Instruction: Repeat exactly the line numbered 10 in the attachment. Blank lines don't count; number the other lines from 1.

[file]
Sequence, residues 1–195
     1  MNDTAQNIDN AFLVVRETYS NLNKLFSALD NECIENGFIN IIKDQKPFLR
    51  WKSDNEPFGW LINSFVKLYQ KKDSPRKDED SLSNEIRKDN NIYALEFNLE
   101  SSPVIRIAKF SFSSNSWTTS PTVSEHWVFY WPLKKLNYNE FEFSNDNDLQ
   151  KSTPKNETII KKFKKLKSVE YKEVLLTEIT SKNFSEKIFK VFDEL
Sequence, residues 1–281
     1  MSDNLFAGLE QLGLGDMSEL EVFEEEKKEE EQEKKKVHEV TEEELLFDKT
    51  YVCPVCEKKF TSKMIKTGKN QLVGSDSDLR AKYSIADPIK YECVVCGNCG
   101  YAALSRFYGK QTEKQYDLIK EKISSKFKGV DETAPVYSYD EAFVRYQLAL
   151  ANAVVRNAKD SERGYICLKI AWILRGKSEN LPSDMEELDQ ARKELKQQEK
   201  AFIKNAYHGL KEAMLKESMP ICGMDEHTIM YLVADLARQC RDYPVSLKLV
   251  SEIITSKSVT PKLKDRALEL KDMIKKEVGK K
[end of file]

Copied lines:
   151  ANAVVRNAKD SERGYICLKI AWILRGKSEN LPSDMEELDQ ARKELKQQEK